Monday, June 29, 2020

A Violin and Murder

The Rainaldi Quartet 

The Rainaldi Quartet (Castiglione and Guastafeste, #1)

You expect the momentous events in life to provide some kind of warning. You expect to have some presage of what's about to happen, to be prepared for it when it hits you. But I wasn't prepared. None of us was.  - Paul Adam, The Rainaldi Quartet

This mystery involves a valuable violin and multiple murders in contemporary Italy.

Shortly after playing a short composition by Beethoven with his friends Tomaso Rainaldi, a retired professional musician and sometime violin teacher, and Antonio Guastafeste, a local detective; Gianni Castiglione, an elderly luthier (that is, a craftsman of stringed instruments), receives a suspicious call at his Lombardy countryside home from Rainaldi’s wife Clara. His friend hasn’t come home and he is soon found stabbed near his abandoned car. Guastafeste, a generation younger than narrator Castiglione or Rainaldi, returns when he’s assigned to the case. Because Castiglione’s technical knowledge makes him useful as a valuable resource, he accompanies Guastafeste on his investigation, which begins with Venetian violin collector Dottor Forlani. The curious collector lives in squalor but spends a small fortune on instruments. They learn that Rainaldi had contacted Forlani about acquiring a valuable violin known as the “Messiah’s Sister.” Not long after their visit, Forlani is also murdered by a nefarious and mysterious persona as ruthless as he is determined. The mystery’s trail, which includes old letters and older tombs, leads Gianni through a network of auction houses and black-market dealings across Italy and western Europe, reaching its denouement at Casale Monferrato, the cement capital of Italy.

Well-paced storytelling perfectly suits the subtle pleasures of this tale. The author offers plenty of European history and an immersion in a subculture of the classical music world as well as a pleasant mystery.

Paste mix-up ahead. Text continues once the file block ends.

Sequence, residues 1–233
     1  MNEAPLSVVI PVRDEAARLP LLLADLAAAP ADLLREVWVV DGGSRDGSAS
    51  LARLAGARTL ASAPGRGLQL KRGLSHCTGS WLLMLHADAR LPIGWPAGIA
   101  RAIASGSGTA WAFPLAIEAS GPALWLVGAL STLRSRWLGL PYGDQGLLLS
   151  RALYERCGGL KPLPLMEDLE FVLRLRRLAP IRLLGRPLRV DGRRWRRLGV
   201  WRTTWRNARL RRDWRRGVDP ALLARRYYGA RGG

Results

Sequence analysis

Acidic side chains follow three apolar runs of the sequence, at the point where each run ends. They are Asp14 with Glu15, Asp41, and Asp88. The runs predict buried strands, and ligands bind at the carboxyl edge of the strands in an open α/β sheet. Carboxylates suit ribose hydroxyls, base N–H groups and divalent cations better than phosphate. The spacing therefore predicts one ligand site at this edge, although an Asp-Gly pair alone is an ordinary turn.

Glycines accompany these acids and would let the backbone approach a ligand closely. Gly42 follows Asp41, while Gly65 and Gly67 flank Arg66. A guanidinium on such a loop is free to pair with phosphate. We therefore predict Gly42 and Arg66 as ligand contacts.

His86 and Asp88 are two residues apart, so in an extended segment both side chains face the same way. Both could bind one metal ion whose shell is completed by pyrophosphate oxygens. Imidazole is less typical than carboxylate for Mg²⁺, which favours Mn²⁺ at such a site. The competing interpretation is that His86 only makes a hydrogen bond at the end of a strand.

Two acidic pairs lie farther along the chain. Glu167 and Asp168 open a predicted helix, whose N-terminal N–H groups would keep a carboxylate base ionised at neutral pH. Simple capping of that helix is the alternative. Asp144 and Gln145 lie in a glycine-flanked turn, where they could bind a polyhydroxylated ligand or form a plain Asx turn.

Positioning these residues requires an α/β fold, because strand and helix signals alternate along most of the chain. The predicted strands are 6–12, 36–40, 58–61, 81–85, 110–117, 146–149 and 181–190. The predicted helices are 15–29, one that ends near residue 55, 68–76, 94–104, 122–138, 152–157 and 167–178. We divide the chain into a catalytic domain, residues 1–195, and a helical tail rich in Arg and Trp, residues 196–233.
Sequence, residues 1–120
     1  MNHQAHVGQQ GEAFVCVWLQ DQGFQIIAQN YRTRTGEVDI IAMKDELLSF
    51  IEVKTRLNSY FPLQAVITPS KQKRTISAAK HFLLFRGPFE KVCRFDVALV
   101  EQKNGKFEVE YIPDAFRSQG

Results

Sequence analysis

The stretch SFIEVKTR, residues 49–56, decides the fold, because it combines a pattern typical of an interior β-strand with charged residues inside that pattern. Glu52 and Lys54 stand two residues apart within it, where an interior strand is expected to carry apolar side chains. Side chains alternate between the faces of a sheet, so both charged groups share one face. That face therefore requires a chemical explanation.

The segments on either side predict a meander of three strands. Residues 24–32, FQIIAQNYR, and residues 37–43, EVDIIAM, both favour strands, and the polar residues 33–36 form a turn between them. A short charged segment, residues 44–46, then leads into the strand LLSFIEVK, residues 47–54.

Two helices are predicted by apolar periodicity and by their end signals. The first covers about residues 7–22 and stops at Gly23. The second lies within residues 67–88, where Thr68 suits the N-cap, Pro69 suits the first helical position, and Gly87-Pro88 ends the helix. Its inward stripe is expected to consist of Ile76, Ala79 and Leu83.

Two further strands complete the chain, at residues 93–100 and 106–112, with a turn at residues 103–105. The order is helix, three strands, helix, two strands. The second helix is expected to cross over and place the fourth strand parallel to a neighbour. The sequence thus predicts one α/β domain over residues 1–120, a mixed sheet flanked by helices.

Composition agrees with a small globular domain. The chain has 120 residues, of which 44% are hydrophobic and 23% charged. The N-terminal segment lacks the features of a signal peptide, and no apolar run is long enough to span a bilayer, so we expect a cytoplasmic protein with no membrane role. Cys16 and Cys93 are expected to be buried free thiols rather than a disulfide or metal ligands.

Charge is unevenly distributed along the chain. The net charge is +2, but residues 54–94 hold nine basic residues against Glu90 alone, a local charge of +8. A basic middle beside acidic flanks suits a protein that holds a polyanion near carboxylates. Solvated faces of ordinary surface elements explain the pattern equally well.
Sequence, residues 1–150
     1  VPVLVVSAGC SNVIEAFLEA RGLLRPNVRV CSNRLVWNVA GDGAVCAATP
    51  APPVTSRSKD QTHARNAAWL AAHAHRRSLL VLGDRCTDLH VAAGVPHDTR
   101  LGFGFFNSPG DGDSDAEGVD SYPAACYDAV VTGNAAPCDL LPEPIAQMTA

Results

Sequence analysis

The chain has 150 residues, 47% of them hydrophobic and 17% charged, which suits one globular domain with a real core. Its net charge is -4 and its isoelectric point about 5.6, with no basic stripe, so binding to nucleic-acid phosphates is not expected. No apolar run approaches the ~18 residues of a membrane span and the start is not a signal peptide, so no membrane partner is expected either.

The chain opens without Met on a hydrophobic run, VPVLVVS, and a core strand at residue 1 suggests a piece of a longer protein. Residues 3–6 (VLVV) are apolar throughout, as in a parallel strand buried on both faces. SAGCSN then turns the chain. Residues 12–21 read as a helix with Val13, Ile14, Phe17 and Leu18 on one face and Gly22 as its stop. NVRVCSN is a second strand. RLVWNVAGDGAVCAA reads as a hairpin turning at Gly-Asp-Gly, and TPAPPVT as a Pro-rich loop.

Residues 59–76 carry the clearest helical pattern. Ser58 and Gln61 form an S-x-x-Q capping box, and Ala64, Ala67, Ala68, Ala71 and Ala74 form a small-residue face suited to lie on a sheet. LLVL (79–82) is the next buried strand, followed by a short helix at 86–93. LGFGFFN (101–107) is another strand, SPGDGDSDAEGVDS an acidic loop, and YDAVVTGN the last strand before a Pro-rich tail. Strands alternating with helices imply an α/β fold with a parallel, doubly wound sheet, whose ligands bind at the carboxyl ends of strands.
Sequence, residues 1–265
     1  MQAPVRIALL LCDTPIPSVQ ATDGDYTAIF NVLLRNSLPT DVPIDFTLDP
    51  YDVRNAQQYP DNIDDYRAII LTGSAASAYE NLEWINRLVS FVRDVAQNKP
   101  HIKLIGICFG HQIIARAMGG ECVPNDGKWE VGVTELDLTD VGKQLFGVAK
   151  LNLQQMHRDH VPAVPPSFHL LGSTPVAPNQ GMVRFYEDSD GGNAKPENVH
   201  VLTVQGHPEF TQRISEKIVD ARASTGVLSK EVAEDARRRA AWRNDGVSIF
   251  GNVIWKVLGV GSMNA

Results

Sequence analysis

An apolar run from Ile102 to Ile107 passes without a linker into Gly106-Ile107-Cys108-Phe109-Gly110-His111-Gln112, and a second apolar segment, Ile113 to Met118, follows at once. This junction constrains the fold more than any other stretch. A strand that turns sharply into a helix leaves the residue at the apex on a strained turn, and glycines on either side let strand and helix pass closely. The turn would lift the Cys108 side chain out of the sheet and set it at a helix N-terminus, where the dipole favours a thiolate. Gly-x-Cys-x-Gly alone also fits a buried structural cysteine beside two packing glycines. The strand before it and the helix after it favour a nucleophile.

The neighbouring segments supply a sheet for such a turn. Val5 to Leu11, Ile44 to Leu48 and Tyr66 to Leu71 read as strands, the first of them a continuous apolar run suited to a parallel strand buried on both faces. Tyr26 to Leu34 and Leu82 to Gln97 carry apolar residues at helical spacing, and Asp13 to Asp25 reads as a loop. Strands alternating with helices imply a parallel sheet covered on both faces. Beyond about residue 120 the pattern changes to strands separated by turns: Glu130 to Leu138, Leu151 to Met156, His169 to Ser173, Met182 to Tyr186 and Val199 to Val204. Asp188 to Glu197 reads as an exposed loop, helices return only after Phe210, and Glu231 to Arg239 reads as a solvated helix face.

Wednesday, June 24, 2020

Heroic Retelling



“Old age hath yet his honour and his toil; Death closes all: but something ere the end, Some work of noble note, may yet be done . . . ‘Tis not too late to seek a newer world . . . Tho’ much is taken, much abides; and tho’ We are not now that strength which in old days Moved earth and heaven; that which we are, we are; One equal temper of heroic hearts, Made weak in time and fate, but strong in will To strive, to seek, and not to yield.”  ― Dan Simmons, Ilium

Having fairly recently reread the Iliad of Homer this book is a good follow-up both as a change, in genre, and as renewing my knowledge of the Iliad helps in understanding Simmons' novel. For in his novel Homer's relevance is more than an opening prop or gimmick. It is the Iliad that initially provides a bearing, a compass for the reader upon which the rest of the narrative depends, and without which, it could be argued, the rest, at least during the first third or so of the book, would unravel. This is a complicated novel with regard to plot and it is the familiarity of the Iliad story line that initially binds the work together, serving as a sturdy foundation while the other two strands, at first seeming unrelated, gradually come together.

Part humor, part literary space opera (and perhaps part mind game for intellectuals), Ilium is fascinating in its grand scope as well as the way it reinterprets earlier works to conform to an entirely new epic type. Within it references abound, not only to literature but popular culture, current events, philosophy and recent concepts of physics. It can be difficult to keep one's bearings as the author's vision is so expansive that the scale of events, characters and themes so often touched upon or merely suggested, only to be later viewed from different circumstance or perspective. Much of what occurs throughout the novel is driven by anticipation of how the author will ultimately resolve and integrate all of his various plotlines, cast and speculation. Intriguing hints are laid, sometimes in opposition: Proust's exploration of time, memory and perception or the secret paths to the puzzle of life; the moravec Mahnmut's interpretation of Shakespeare's Sonnets as a dramatic construct; the interaction and influence of will, represented by Zeus, the Fates, and chaos, upon events taking place upon the plains of Ilium; the fulcrum Hockenberry is urged to find in order to change the outcome of Homer; or the identity of "'A bitter heart that bides its time and bites.'" Cosmologies and ontologies, as well as metaphors, are borrowed, their identities and purposes remaining unclear or unexplained, as is so much else by novel's end, though suspicions are delectably stirred. 

This is a novel that provides a wealth of ideas and action which successfully entice the reader to continue the saga in the sequel, Olympos.

Wednesday, June 10, 2020

The Eternal Man



“History has its truth, and so has legend. Legendary truth is of another nature than historical truth. Legendary truth is invention whose result is reality. Furthermore, history and legend have the same goal; to depict eternal man beneath momentary man.”  ― Victor Hugo, Ninety-Three